Who would have thought that the mooncake holds so much history, from legends that inspired its creation to its crucial role in a rebellion. Yet, the sweet snack is able to transcend tradition to adapt itself to thoroughly modern flavours.
The Mid-Autumn Festival is upon us again, and that means only one thing: mooncakes galore!
The huge diversity of mooncake flavours seems only to be getting bigger each year. Before we introduce you to some of this season’s freshest offers (with discounts for AA Members!), let’s look back at the humble beginnings of these sweet delicacies.
A LONG TRADITION
The mooncake can be traced as far back as the Tang Dynasty (618CE–907CE) in China. Back then, the roundness of the full moon was believed to be a symbol of family unity. This poignant image recalls the legend of Chang Er, the moon goddess, who ascended to the celestial body and could only be visited by her husband on the 15th day of the eighth month. To honour her, people would pray to the moon, offering mooncakes to family and friends as a blessing of unity. At night, families would sit outside to gaze at and admire the moon together. For refreshment, they would consume the delightfully sweet treats while sipping Chinese tea.
Beyond their celebratory purposes, mooncakes played a key role in a rebellion during the Yuan dynasty (1280CE–1368CE). They were used by the rebel leaders Zhu Yuan Zhang, Liu Bo Wen and Liu Fu Tong to send secret messages to their followers in order to stage a rebellion against the Mongols.
OF SKINS AND FILLINGS
In more contemporary times, a mooncake’s texture and filling varied according to the region of China it originated. The iconic golden-brown cakes that most of us know is the Cantonese style, which was brought to Singapore by Chinese immigrants from Guangzhou.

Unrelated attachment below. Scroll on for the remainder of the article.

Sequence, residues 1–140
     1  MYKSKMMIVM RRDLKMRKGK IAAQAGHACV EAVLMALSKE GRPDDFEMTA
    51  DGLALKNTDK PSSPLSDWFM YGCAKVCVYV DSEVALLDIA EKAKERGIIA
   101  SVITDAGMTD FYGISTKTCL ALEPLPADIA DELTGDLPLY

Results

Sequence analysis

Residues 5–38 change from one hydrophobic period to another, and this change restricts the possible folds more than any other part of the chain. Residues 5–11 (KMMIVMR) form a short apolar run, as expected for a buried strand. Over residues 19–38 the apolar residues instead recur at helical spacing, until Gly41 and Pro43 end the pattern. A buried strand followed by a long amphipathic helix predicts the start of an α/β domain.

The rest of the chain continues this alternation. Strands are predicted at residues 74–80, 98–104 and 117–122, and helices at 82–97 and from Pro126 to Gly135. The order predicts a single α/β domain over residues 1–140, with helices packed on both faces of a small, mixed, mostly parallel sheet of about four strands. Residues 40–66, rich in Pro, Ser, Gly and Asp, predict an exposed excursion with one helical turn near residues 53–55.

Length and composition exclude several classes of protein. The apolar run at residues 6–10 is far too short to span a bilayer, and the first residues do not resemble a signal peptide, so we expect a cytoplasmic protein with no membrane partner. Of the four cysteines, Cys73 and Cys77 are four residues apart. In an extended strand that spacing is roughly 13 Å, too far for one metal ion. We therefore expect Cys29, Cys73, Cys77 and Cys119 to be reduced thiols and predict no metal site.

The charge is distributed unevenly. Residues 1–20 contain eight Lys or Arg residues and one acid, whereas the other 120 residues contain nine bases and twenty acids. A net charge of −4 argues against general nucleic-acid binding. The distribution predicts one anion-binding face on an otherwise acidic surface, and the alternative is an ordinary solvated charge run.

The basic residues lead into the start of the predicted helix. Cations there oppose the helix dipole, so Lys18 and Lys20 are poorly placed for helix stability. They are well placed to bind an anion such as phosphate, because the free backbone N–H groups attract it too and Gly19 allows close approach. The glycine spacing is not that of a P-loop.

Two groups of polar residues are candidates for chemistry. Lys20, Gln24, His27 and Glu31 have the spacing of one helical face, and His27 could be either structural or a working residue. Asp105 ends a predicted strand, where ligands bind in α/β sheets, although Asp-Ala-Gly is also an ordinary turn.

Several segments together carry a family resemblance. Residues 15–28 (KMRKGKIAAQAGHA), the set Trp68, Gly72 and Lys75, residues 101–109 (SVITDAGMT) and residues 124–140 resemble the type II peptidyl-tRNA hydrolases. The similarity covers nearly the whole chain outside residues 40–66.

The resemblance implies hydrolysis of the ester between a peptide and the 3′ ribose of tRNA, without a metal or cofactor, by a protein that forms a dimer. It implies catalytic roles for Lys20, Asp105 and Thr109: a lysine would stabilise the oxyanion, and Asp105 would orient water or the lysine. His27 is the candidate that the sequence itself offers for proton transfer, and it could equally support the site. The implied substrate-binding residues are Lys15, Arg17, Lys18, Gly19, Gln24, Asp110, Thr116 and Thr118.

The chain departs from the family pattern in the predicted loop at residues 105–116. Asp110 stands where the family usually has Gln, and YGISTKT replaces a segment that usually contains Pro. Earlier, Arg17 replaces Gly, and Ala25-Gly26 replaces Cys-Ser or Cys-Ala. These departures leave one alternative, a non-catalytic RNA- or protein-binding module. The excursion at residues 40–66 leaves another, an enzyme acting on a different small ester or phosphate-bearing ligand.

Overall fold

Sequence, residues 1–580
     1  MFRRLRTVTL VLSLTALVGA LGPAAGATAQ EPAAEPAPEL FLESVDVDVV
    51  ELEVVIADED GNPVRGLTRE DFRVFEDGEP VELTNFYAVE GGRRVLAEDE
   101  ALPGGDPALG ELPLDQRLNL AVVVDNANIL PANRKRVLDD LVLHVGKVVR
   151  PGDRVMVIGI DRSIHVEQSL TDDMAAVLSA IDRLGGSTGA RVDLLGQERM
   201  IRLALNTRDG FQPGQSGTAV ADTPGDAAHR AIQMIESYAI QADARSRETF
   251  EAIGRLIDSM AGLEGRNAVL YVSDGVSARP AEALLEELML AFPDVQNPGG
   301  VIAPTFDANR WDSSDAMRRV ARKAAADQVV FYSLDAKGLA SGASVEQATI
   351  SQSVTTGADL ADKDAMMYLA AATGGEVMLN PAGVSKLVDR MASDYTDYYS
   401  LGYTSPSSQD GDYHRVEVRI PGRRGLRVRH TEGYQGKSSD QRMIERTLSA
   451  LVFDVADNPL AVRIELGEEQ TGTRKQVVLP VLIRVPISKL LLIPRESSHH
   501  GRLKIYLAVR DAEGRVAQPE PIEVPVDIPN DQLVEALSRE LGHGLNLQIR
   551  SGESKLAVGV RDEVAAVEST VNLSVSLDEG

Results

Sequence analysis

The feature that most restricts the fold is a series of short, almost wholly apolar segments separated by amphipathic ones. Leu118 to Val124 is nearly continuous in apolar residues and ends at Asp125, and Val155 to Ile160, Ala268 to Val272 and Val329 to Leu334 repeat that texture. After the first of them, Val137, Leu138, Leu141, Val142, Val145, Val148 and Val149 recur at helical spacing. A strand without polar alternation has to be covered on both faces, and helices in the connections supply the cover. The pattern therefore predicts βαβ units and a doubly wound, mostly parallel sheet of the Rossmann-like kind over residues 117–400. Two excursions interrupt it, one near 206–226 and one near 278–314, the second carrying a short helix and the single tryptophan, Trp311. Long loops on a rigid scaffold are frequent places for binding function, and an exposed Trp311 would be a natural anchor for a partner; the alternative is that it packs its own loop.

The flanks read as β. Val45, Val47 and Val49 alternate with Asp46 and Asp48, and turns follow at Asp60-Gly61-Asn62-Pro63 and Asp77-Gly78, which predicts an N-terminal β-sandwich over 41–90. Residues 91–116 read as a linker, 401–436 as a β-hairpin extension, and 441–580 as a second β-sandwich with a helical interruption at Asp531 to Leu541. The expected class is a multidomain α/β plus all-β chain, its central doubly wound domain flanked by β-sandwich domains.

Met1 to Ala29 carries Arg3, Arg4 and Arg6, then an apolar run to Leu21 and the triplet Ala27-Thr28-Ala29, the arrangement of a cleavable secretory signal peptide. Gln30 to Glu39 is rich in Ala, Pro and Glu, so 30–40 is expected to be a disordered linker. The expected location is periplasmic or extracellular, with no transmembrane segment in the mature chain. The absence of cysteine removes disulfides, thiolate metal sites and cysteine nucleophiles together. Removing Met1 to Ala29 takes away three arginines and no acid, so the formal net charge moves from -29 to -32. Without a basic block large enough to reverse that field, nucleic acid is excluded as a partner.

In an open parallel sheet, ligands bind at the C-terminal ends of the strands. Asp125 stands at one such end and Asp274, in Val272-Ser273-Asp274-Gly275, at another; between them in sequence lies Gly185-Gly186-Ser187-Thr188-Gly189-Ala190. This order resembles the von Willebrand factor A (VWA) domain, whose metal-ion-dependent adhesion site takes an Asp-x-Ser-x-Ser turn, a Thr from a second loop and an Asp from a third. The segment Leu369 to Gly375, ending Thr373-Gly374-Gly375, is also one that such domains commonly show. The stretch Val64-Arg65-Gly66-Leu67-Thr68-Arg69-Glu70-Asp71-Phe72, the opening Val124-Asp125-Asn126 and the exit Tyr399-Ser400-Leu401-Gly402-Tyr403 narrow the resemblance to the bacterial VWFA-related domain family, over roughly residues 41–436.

Typically filled with lotus paste and salted duck egg yolk, the dough would be pressed into moulds to give it an intricate pattern. It is then brushed with egg yolk and baked to a shiny
finish. Traditional bakeries in Singapore, such as Poh Guan Cake House in Hong Lim Complex and Tai Chong Kok in Chinatown Complex, have been making this style of mooncake since the 1930s.
Made with glutinous rice and served cold, the snowskin style of mooncake originated in Hong Kong in the 1980s. It soon made its way to Singapore, where it was and remains a big hit. Since the snowskin’s arrival on our shores, local chefs have been continually cracking their heads for new and interesting flavours for both the skin and the filling.
AA MEMBER SPECIALS
This year, AA Singapore has tied up with several F&B partners to bring Members special promotions on mooncakes. Consider these intriguing new flavours of mooncake:
Chng Kae’s Qing Hua Mao Shan Wang Mooncake is a blue white marbled design mooncake that reflects traditional Chinese earthenware which were perceived as luxury items in the Tang Dynasty. Lucky AA winners got a chance to taste Chng Kae’s special Snowskin Mooncake that contained 100% Pure Mao Shan Wang Puree.
Savour BakeAvenue’s handmade mini snowskin mooncakes in 4 unique Snowskin flavours (Custard, Dark Chocolate, Lychee Martini and Bailey) with delectable lotus paste. Also, don’t miss out their baked walnut mooncakes containing generous portions of walnut, loaded with fragrant lotus paste and delicious salted egg yolks. Lucky winners participating in the AA giveaway will have the chance to enjoy this flavourful treat.
Taste the sweetness of honey in handmade Snowskin mooncakes from The Forage Café. Be amazed by the wide range of special flavours from their Artisan (Non-Alcoholic) and Connoisseur (Alcoholic) selections. Winners from our AA giveaway had the opportunity to enjoy this amazing mooncake treat with their family and friends.
So rich in history and yet so adaptable to modern preferences, it’s no surprise that mooncakes are still widely consumed. They also make popular gifts for loved ones and clients. Take advantage of these offers and order yours now !